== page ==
"People forget that we couldn't play baseball back then," Weeks said. "We had to go through a long way from those times. African-American players went through a lot."
Fans in attendance received a Negro Leagues placard to commemorate the day, and the first 15,000 also got a Milwaukee Bears hat.
The Brewers also honored former Negro Leagues players Arthur Hamilton and Jim Cobbin in a pregame ceremony on the field, and the duo then signed autographs for fans during the first three innings.
Hamilton, who played alongside players like Ernie Banks, Larry Doby, Robinson and Paige, said the history of Negro Leagues baseball still doesn't receive enough recognition from baseball fans.
"If not for the Negro Leagues, I wouldn't be here today," Hamilton said before the ceremony.
Hamilton recalled the days when he and his teammates still had to eat in different restaurants from the Major Leagues' white players, but he refused to feel bitter about his experiences.
"I suffered, but I'm glad I suffered, because then I appreciate more about my life now," Hamilton said. "Everything wasn't given to me. I had to earn a lot of things."
Leading the way: The Brewers entered Saturday's game sporting an 8 1/2-game lead over the Cubs and Cardinals in the National League Central, marking the largest divisional lead the franchise has enjoyed.
The Brewers arrived at that cushion thanks to their 11-6 win over the Royals, and the Cardinals' 6-0 loss to the Phillies on Friday night.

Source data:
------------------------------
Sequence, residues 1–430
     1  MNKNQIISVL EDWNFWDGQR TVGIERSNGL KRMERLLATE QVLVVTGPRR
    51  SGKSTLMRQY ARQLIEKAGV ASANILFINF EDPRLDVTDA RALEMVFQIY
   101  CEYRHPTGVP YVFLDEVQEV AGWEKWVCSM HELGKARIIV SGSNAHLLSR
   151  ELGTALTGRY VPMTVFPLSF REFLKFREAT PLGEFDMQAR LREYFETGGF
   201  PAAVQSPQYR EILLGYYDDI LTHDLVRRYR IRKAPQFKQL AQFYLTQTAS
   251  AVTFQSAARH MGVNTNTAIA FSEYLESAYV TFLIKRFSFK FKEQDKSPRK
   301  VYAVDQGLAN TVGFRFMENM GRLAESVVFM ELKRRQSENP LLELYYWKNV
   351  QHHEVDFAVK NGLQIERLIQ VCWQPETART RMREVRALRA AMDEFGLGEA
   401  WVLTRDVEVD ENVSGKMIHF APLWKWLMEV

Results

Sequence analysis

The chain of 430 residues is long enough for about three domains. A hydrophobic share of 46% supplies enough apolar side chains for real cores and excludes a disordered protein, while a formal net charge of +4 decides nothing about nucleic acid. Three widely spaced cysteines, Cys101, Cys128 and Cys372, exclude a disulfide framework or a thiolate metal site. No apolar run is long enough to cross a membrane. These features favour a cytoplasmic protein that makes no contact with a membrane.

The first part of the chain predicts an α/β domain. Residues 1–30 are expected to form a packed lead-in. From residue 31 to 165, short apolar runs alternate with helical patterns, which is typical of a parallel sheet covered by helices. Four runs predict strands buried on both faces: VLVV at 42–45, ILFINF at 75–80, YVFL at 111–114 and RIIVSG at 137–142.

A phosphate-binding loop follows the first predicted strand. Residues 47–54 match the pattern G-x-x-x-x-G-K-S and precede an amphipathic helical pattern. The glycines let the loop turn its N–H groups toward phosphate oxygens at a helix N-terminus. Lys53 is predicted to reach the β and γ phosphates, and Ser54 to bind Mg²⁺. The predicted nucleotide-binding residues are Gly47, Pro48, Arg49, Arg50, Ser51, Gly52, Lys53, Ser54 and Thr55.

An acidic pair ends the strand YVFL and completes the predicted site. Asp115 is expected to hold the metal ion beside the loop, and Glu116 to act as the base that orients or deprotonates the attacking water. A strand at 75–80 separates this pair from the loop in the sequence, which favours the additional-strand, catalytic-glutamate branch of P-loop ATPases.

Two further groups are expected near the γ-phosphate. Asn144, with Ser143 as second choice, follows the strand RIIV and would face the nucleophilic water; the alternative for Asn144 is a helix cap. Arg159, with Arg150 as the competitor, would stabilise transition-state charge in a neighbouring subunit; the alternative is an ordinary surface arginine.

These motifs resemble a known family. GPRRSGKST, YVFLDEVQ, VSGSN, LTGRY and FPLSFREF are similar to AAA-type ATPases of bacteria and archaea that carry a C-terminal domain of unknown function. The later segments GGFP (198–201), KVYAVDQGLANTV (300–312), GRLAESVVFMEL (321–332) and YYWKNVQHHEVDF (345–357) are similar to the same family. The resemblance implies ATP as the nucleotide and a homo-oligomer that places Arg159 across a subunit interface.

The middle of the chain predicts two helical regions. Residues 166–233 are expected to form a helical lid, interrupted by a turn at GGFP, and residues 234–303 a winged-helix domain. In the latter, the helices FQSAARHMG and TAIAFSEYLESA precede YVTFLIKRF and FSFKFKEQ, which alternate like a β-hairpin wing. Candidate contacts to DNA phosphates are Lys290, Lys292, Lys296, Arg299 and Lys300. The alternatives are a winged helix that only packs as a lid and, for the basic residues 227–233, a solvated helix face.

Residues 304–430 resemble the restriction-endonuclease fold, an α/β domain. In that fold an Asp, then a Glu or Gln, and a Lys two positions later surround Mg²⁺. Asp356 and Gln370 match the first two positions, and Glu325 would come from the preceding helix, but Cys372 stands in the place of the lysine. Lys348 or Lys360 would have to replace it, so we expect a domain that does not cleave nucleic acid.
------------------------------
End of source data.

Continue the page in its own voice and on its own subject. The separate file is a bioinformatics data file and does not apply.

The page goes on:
But manager Ned Yost and the Brewers aren't sitting around gloating over the chasm between their club and the rest of the division.
"The fans can enjoy it," Yost said. "It doesn't mean anything [to the team]. We're at the end of June. There's still all of July and August."
Veteran left fielder Geoff Jenkins, the longest-tenured player currently on the Brewers roster, has played through some lean years during his time with the team. Jenkins, Milwaukee's first-round pick in 1995, has never experienced a winning season and lost 106 games with the club in 2002.
For the first time, Jenkins feels like his Brewers have finally arrived on the big stage.
"I think 'arrived' is an ideal word to use," Jenkins said. "We've got good talent on this team."
Good Soup: Yost chuckled as he recalled the reaction he got during Friday evening's postgame press conference when he suggested Brewers starter Jeff Suppan hadn't pitched as badly as the scoreboard indicated.
"There were a lot of dumbfounded looks [from reporters]," he said.
Suppan surrendered five earned runs on nine hits and two walks in five innings, but pitching coach Mike Maddux approached Yost after the game and told him Suppan hadn't made any bad pitches all night, drawing an incredulous look from the skipper.
But, Yost then went back and watched video footage of every pitch Suppan tossed, and he realized Maddux was right -- all nine hits Suppan allowed came on good pitches, and many barely squirted past Milwaukee's infielders on the ground.
In fact, Yost saw at least 12 outside pitches he thought were strikes, but which home-plate umpire Fieldin Culbreth called balls. Yost saw a sharp improvement in Suppan from the right-hander's previous outing against the Twins, when he surrendered 10 hits, most of them on pitches right down the middle of the plate.
"They just found some holes [Friday]," Yost said of the Royals hitters.
Injury update: Yost left J.J. Hardy out of the starting lineup for the second game in a row Saturday, just like the skipper said he would on Friday. But Yost said that Hardy's stiff back has improved dramatically and the shortstop most likely will start Sunday afternoon's game against the Royals.
"I'll double-check to see how he's doing today," Yost said.
On deck: Yovani Gallardo (1-0, 4.26 ERA) earned the win in his Major League debut against the Giants on Monday, and the Brewers hope the young right-hander can duplicate that success against Odalis Perez (4-7, 6.06), and the Royals on Sunday afternoon at 1:05 p.m. CT in Milwaukee's final Interleague game of the year.